Tuesday, November 30, 2010

Job interview tips, and mistakes

From Craig Newmark

Private property under attack in Venezuela

This is a fast moving train wreck.
Hugo Chávez, the country’s leftist president, has been on a nationalisation spree, seizing everything from steel companies and bottle makers to housing schemes. ...
Polls suggest that most Venezuelans disapprove of the nationalisations and firmly support private property. But Mr Chávez seems to be following the advice of Alan Woods, a Welsh Trotskyist who has become an informal adviser. Mr Woods, who is better known in Caracas than Cardiff, publicly urged the president to respond to his electoral setback by “accelerating the revolutionary process”, expropriating land, banks and the main industries. Venezuelans had better brace themselves for more nationalisation, scarcity and economic decline.

Incentives matter -- dump your sick employees into the govt. exchange

Marginal Revolution blogs that President Obama's health care bill gives employers incentives to offer healthcare plans that are designed to induce ONLY THE LEAST HEALTHY employees to opt for coverage on the exchange. Employers would find this profitable because:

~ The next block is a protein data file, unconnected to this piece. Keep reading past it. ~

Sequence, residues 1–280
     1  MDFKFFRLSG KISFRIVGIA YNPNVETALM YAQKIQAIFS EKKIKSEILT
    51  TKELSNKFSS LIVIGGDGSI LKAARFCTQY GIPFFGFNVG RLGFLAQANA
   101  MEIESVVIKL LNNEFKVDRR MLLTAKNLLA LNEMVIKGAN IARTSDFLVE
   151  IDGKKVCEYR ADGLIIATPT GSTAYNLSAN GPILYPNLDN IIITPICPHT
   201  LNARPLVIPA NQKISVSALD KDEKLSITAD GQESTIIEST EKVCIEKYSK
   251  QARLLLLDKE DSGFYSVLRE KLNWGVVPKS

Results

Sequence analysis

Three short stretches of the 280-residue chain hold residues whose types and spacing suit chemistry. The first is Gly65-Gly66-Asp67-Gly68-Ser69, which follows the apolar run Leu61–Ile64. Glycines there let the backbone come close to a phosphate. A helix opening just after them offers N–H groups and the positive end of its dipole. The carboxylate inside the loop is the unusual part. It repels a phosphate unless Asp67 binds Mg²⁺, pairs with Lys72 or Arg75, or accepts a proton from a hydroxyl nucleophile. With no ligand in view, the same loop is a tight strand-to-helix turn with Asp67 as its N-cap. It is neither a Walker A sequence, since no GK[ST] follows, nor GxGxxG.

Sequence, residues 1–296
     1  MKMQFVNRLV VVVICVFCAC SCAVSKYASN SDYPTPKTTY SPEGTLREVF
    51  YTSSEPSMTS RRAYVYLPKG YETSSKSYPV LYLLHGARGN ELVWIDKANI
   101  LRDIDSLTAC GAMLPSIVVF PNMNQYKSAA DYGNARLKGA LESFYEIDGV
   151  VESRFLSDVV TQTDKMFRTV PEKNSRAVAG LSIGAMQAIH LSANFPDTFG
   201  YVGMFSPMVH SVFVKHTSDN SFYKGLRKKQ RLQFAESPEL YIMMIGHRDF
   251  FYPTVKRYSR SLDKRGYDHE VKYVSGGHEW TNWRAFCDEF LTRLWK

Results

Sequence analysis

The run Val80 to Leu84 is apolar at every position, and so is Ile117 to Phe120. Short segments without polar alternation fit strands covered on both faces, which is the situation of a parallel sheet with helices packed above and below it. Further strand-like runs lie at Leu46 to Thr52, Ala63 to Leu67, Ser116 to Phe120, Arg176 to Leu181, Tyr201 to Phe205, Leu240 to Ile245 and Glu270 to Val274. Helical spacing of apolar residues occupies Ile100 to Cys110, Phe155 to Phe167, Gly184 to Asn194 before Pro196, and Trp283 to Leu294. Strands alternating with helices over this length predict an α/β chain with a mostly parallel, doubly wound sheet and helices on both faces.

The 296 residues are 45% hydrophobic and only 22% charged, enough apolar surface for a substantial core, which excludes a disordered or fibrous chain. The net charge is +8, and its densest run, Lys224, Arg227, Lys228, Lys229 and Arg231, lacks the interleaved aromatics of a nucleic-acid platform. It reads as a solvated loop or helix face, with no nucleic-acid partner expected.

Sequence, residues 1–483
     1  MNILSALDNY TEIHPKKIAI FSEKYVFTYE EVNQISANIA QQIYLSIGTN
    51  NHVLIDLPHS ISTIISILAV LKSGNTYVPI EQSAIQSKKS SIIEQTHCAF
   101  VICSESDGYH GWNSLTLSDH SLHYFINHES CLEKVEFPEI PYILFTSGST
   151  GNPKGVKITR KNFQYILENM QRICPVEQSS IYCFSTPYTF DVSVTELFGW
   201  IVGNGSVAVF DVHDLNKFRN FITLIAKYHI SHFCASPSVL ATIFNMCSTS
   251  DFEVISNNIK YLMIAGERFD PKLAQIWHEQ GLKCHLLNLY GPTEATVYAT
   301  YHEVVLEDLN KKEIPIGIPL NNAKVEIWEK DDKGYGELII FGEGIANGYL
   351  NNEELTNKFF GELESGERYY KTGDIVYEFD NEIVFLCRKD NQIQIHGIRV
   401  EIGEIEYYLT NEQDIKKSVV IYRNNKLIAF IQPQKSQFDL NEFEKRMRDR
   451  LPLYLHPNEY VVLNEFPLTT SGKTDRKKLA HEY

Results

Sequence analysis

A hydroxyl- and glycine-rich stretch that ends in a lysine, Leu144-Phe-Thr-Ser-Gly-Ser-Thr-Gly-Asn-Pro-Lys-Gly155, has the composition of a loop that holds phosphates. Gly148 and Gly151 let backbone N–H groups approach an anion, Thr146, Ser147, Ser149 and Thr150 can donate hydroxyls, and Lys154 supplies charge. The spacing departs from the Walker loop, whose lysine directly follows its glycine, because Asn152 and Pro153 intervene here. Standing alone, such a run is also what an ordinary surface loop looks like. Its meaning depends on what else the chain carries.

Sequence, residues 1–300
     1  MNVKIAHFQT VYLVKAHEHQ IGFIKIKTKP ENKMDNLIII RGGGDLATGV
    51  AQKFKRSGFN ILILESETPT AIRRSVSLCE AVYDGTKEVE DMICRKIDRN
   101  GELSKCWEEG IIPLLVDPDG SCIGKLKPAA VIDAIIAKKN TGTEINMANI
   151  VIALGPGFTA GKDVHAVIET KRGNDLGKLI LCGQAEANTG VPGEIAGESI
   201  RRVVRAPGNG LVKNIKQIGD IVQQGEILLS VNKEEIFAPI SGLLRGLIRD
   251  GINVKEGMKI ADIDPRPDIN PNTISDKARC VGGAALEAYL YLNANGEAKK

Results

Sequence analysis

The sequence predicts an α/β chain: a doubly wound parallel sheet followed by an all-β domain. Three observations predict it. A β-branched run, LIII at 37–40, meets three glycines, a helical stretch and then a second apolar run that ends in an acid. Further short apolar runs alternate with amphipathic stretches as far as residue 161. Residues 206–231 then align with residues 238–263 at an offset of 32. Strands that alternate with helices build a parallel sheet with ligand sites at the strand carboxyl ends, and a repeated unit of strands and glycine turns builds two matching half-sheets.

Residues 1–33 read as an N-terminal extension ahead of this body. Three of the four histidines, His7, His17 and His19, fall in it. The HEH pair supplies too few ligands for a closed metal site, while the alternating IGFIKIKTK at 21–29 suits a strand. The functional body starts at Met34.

(i) they would avoid any penalty under the "employer mandate,"
(ii) their health care costs would decrease substantially by virtue of reducing coverage and shedding high-cost employees,
(iii) high-cost employees would not be much worse off, as they could acquire coverage on the exchange with no medical underwriting or preexisting conditions.

Based on the plan designs I have seen, this looks like what employers are demanding from the insurance companies.

Incentives Matter - Professor Edition

Nice post on the Organization and Markets blog noting a recent study that looks at how professor research productivity responds to extrinsic incentives.

Monday, November 29, 2010

Save a balding, middle-aged, fat guy.

...by taxing his health care benefits.

Colleague Larry van Horn eats poorly and doesn't exercise to illustrate the moral hazard associated with subsidized health care. Nice video of Larry interviewed on the big problems of health care

Now Larry is blogging for Forbes.

Wednesday, November 24, 2010